In years to come the News International phone hacking saga will be taught on PR courses as a textbook case of how not to handle a PR crisis. Here’s why:
1. Caught in a crisis the response should be quick, consistent and open. NI let the story about hacking rumble on for months, claiming all the while that it was a problem with one rogue operator. Sticking to an incomplete story is a guarantee of greater problems down the line when the full story comes out. Which it will. ‘Fess up straight away if you’re in the wrong, it gives you some control over the story if it isn’t dribbling out over a long period as new allegations arise. Most experts agree that an attempted cover up can cause bigger headaches than the original sin.
2. If you’re in the wrong, apologise – fully and sincerely, and start talking about what changes you’re going to make to ensure that this never happens again. Presumably under the influence of their new PR company, NI are now set to run full-page ads in the papers apologising for what’s happening. Rebekah Brooks’ initial statement declaring that it was inconceivable that she knew about hacking Milly Dowler’s phone fell several miles short of what was required.
Until the new PRs got to work, there hadn’t been much in the way of apology to the victims from anyone at NI. Today’s meeting between Rupert Murdoch and Milly Dowler’s family may be a first step to recognising that this is a tactical mistake (as well as being morally indefensible…)
3. A bit of humility doesn’t hurt. James Murdoch’s refusal to appear before the Select Committee because the date was inconvenient was cringeworthy. Worse was Rupert’s apparent insistence to the Wall St Journal that the company had been handling the issue extremely well.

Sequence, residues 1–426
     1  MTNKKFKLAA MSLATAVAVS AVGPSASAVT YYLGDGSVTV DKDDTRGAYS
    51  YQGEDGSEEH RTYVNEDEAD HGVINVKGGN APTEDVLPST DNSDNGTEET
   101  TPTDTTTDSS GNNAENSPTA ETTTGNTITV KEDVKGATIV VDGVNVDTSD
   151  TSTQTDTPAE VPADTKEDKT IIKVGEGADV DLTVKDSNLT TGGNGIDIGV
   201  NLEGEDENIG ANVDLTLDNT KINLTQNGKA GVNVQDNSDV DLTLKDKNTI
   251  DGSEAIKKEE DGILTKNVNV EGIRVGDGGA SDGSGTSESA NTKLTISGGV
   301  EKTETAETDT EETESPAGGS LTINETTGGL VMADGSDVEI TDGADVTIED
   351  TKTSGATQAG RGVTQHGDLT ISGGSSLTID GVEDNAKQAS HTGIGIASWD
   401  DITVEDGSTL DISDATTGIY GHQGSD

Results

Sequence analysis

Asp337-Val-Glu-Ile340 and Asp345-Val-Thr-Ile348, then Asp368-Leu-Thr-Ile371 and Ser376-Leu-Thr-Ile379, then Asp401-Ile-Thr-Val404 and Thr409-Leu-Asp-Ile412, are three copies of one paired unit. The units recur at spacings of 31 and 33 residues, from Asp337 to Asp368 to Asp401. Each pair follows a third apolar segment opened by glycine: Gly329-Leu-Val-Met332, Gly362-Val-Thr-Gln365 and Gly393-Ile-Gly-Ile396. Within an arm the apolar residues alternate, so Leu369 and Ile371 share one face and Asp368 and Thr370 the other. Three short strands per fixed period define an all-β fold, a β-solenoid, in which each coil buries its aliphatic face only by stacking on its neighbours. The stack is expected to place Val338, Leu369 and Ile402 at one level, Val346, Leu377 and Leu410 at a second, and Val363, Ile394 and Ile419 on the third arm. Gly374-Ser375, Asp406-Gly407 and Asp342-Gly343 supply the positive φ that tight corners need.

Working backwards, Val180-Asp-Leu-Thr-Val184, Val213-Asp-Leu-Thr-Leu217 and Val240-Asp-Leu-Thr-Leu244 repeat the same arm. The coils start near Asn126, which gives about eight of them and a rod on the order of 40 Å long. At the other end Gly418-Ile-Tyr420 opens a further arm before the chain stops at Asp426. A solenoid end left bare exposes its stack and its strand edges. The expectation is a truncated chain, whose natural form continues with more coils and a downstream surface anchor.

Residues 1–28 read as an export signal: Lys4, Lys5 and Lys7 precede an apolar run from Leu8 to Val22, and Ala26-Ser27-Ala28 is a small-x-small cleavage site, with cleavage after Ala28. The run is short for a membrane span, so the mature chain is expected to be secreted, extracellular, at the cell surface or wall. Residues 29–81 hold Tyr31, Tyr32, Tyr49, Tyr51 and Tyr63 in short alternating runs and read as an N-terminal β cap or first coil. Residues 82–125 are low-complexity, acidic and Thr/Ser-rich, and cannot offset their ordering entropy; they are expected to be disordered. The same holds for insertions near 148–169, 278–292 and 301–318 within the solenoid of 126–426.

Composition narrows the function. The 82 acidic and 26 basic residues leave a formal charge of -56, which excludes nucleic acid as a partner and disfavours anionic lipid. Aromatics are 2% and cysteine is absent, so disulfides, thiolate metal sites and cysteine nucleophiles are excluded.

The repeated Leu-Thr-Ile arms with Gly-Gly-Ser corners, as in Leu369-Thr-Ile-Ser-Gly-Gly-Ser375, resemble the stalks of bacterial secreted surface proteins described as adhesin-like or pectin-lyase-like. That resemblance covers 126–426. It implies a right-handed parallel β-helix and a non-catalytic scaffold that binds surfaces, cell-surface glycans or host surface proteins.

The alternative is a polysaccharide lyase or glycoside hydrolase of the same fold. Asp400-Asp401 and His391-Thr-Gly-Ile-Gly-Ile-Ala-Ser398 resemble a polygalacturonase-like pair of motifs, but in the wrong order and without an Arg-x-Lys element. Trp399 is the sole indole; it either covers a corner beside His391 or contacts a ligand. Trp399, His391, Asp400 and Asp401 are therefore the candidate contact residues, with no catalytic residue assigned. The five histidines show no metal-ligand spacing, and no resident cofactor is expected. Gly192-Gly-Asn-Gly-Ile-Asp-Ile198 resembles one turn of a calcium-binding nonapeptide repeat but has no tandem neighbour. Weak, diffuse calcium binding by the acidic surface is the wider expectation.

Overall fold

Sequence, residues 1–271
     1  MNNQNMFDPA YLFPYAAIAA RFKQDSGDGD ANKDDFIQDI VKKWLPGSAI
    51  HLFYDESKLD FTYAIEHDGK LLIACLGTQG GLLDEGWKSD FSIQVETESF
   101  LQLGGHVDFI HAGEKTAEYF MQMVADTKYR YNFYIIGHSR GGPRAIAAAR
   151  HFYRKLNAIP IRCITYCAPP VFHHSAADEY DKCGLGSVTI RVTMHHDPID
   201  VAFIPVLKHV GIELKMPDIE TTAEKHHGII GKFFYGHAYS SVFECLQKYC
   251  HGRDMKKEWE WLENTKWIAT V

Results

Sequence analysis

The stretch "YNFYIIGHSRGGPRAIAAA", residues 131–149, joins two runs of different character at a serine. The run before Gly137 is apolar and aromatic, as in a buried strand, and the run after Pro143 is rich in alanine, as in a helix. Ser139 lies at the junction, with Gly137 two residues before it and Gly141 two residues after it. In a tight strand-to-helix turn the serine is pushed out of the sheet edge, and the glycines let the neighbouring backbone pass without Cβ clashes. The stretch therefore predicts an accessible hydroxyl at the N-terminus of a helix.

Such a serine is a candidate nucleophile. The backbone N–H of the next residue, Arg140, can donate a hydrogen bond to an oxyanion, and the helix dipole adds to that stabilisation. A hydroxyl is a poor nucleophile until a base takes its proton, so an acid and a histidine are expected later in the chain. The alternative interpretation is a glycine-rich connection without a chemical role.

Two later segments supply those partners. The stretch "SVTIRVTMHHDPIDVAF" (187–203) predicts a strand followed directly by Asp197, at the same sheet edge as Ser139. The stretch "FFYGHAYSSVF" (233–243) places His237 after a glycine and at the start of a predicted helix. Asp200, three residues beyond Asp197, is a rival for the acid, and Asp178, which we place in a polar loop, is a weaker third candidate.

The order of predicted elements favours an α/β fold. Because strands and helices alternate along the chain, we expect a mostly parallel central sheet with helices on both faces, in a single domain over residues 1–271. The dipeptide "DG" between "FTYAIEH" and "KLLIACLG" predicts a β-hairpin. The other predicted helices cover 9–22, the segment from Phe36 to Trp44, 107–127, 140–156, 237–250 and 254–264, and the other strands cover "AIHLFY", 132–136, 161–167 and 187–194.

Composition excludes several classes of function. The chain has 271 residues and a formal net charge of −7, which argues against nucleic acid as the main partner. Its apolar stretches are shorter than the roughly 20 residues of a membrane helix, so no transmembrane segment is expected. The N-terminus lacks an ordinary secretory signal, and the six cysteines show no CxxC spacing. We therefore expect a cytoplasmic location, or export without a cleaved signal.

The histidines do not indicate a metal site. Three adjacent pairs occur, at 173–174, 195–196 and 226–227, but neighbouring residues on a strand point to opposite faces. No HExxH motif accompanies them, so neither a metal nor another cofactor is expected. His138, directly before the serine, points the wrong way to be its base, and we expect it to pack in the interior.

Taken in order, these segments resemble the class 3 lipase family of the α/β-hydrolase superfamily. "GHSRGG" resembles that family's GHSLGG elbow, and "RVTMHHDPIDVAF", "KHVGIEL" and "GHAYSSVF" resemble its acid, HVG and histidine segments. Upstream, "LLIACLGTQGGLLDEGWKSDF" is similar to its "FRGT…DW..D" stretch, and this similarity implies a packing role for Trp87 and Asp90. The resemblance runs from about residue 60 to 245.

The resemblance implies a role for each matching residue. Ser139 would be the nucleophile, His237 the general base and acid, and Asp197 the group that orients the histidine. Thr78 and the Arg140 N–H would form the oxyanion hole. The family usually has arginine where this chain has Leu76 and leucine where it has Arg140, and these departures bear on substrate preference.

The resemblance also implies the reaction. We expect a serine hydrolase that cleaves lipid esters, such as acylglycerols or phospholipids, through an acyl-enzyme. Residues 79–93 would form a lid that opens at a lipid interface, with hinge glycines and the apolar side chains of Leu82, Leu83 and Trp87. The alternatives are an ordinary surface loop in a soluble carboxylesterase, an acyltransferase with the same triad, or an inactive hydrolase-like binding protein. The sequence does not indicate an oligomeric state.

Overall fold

4. Think about the information that everyone involved will need. This includes regulators, customers, investors, suppliers, victims and – a crucial group that NI has rather ignored – your own staff. Former News of the World staff, sacked a week before Rebekah Brooks felt compelled to go, may feel this element of the crisis could have been better handled…
and most importantly
5. You need to be prepared. NI don’t seem to have had a Head of Comms working on this until this January. so no wonder their responses have been flat-footed. It’s worth:
- Having a regular health check of the business to see where problems might arise and do scenario planning to see how you’d cope if the worst happened
- Having a team in place to manage a crisis, with people who are sufficiently senior to be able to take quick decisions without having to refer to managers
- Identifying a media-trained spokesperson to deal with enquiries to ensure a consistent message gets through
- Remembering the power of the non-traditional media. Think how you’d deal with Twitter or Facebook in full flow…
- Practising. Running the odd “pretend crisis” session will test the systems you’ve put in place and make sure they’re robust.